From hospitality to healthcare, volunteers and staff keep Commencement on track
The joyous celebration that is University Commencement doesn’t happen automatically: A large team of staff, faculty, and students — many of them volunteers — works throughout the year to insure that the campus’s happiest day runs smoothly and safely for all participants.
“It’s the time at the university every year where we put our best face forward to the world, where we welcome about 18,000 guests to campus to celebrate the graduates,” says Heather Calabrese, director of communications and university events in the Office of the Secretary, who leads this support team and coordinates the activities of Commencement weekend events.
“We don’t want to be noticed”
Many of the most complex logistics of Commencement weekend are invisible to participants, and are designed to be so. To insure the safety and security of the students and attendees, a Yale and a coordinated team of Yale EMS, New Haven police, security, fire, and medical professionals are behind the scenes, ready to deal with any emergency that might arise.
“We don’t want to be noticed,” says Maria Bouffard, director of Yale’s Office of Emergency Management (OEM). “We want people to come and just enjoy the day, but we are ready behind the scenes to quickly respond to emergencies as needed.”
During Commencement events on Old Campus — when the crowd can number up to 18,000 people — 14 OEM staff volunteers are stationed throughout the park. The OEM volunteers’ primary mission is to quickly signal the exact location of a medical emergency so that responders can find the spot quickly. The volunteers carry collapsible six-foot-tall flagsticks with bright red flags that can be easily spotted even within the vast Commencement day crowd.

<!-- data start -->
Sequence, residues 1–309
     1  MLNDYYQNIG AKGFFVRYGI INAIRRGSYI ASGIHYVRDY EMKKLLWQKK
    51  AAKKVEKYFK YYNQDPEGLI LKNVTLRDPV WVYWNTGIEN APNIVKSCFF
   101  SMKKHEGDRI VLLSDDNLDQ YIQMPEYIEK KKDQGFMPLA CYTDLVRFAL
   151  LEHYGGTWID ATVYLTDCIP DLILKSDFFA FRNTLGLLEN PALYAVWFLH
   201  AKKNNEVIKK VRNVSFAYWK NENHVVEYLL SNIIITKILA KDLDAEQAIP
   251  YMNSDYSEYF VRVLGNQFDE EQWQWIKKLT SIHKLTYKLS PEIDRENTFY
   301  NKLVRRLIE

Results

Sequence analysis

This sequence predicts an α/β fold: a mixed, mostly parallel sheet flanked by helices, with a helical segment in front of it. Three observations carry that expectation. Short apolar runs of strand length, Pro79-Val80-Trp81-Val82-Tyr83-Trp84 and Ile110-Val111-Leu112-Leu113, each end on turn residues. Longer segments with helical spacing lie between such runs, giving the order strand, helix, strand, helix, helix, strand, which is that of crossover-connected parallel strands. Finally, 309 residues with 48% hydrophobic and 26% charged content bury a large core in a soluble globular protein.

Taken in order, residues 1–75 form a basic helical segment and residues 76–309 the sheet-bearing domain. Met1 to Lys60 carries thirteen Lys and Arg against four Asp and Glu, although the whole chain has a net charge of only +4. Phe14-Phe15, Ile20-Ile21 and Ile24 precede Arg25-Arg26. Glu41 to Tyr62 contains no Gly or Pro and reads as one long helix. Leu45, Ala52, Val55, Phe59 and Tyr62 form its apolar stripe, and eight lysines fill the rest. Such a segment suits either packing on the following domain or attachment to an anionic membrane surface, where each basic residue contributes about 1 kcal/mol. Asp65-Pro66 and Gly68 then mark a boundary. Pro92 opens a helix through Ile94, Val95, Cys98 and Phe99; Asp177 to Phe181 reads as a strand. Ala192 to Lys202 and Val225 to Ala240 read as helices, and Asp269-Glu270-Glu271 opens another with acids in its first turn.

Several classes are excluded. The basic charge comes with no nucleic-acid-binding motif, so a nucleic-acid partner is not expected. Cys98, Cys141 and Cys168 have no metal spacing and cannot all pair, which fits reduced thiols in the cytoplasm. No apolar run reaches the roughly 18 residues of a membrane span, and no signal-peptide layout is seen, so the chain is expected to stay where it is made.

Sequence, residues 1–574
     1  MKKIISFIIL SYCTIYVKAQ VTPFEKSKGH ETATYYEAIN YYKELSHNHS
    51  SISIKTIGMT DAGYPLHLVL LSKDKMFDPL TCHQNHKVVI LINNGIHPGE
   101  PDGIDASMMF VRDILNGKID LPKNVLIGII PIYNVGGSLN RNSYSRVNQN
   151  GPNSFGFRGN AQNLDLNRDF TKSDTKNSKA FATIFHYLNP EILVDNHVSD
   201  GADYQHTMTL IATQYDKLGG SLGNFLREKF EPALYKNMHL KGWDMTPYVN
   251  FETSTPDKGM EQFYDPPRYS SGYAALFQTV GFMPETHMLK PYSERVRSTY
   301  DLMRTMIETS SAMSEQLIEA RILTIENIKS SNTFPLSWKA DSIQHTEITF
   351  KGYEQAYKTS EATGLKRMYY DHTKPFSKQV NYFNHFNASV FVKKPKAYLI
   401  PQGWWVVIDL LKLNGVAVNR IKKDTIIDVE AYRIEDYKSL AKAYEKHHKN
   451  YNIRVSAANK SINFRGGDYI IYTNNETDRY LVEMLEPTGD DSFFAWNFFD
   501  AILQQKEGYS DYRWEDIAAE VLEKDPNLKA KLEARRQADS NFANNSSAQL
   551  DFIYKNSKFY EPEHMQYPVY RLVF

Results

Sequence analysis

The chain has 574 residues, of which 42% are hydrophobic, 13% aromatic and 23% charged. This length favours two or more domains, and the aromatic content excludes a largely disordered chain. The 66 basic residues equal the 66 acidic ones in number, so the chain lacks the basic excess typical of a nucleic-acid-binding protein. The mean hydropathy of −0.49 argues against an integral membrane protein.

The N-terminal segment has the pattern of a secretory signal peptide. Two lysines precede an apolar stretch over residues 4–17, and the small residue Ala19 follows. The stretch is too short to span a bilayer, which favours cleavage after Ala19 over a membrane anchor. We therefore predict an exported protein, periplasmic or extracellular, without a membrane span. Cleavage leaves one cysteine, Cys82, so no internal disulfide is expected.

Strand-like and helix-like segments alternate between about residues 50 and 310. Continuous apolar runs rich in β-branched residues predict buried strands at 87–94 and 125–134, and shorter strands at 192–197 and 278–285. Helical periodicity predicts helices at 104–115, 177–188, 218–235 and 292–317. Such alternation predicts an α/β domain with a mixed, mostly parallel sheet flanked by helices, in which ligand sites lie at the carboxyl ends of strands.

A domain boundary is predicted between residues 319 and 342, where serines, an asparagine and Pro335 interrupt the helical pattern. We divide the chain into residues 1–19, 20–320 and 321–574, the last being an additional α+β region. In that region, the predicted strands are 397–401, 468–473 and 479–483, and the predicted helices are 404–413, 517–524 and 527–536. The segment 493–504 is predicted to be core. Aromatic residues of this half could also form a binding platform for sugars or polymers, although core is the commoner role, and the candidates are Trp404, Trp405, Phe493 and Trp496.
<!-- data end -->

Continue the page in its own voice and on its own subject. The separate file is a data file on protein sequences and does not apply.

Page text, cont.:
A fully equipped and climate-controlled emergency medical tent is erected next to Street Hall to provide immediate care and on-site triage for patients who might need to be hospitalized. Two ambulances are stationed at the north and south ends of Old Campus, and the operation is staffed by a medical director from Yale Health and a team of emergency medicine specialists from Yale-New Haven Hospital.
From every department at the university
About 300 staff support the events of Commencement weekend, including 97 staff volunteers from throughout the university, and 75 student ushers.
“My favorite thing about the volunteers is that they come from every department at the university. They’re not necessarily acting as ambassadors or hosts in their normal role in the university, but for that one day they give of their time, and they really make an enormous contribution” says Calabrese.
Staff volunteers perform a wide variety of essential services during Commencement weekend and in the weeks leading up to the events. They staff the six hospitality stations around Old Campus and Woolsey Hall, providing directions, advice, and thousands of bottles of water to guests; guide honorary degree recipients and their families; hand out programs; help handicapped or frail guests to special seating and deaf and hard of hearing guests to locations where they can see the screens with sign language interpretation; and keep the flow of the various processions on time and clear of extraneous foot traffic.
“It’s the best day for everybody”
“What Commencement weekend and Commencement morning reminds us all is what we’re here for, and why we do the work we do every day and that’s to make sure that we create an environment and a place — a unified Yale — in which students can thrive and grow, be successful, and be happy, and that’s all on display Commencement morning,” says Calabrese.
Sandra Greer, senior staffing and career development specialist at Human Resources, has been volunteering at Commencement for decades. What she enjoys most is the exuberance of the day, she says. “It’s the people and the families. You know, mom and dad and the kids; everybody smiling. Even when it’s raining they’re smiling! And it’s the best day for everybody. It’s not just for the kids; it’s for the families, and it always turns out beautifully. I’ve never had a bad time, in over 20 years. It’s been wonderful.”